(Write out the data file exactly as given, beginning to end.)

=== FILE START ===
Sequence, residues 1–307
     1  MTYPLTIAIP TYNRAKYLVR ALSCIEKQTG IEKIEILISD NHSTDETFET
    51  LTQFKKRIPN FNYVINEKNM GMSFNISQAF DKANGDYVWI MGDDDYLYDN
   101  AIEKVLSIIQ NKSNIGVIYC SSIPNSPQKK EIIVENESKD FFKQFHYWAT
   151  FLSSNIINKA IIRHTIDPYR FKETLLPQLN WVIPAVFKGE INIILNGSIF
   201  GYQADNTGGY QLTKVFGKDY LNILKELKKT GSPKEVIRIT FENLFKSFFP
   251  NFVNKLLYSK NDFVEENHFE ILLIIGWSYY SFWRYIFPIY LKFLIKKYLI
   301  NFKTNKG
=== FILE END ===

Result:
Sequence, residues 1–307
     1  MTYPLTIAIP TYNRAKYLVR ALSCIEKQTG IEKIEILISD NHSTDETFET
    51  LTQFKKRIPN FNYVINEKNM GMSFNISQAF DKANGDYVWI MGDDDYLYDN
   101  AIEKVLSIIQ NKSNIGVIYC SSIPNSPQKK EIIVENESKD FFKQFHYWAT
   151  FLSSNIINKA IIRHTIDPYR FKETLLPQLN WVIPAVFKGE INIILNGSIF
   201  GYQADNTGGY QLTKVFGKDY LNILKELKKT GSPKEVIRIT FENLFKSFFP
   251  NFVNKLLYSK NDFVEENHFE ILLIIGWSYY SFWRYIFPIY LKFLIKKYLI
   301  NFKTNKG